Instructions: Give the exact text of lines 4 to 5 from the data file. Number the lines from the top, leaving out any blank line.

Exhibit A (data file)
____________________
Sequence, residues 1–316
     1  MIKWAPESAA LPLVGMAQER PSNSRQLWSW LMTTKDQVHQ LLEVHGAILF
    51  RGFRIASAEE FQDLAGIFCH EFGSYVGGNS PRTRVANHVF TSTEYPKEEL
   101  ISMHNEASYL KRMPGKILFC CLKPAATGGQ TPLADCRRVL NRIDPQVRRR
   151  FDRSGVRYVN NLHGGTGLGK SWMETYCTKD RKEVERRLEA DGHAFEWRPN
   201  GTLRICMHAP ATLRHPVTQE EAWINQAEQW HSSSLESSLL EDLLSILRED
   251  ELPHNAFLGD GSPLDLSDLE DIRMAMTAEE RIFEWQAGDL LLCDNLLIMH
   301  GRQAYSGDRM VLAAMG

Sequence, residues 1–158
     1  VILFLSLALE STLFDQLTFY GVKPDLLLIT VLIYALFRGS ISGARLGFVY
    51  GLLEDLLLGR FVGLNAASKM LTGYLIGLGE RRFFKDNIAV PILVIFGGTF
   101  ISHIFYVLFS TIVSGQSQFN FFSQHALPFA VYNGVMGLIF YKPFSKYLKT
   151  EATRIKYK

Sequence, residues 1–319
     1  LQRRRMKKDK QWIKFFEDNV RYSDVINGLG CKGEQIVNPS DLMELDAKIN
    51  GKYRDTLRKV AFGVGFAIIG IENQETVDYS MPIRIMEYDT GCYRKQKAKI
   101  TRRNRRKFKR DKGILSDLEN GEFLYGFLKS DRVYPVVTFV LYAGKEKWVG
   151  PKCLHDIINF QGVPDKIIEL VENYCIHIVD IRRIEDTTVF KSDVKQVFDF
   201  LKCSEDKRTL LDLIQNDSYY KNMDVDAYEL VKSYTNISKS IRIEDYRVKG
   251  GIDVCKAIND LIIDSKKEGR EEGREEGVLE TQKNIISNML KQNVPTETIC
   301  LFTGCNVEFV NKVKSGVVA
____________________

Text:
   101  ISMHNEASYL KRMPGKILFC CLKPAATGGQ TPLADCRRVL NRIDPQVRRR
   151  FDRSGVRYVN NLHGGTGLGK SWMETYCTKD RKEVERRLEA DGHAFEWRPN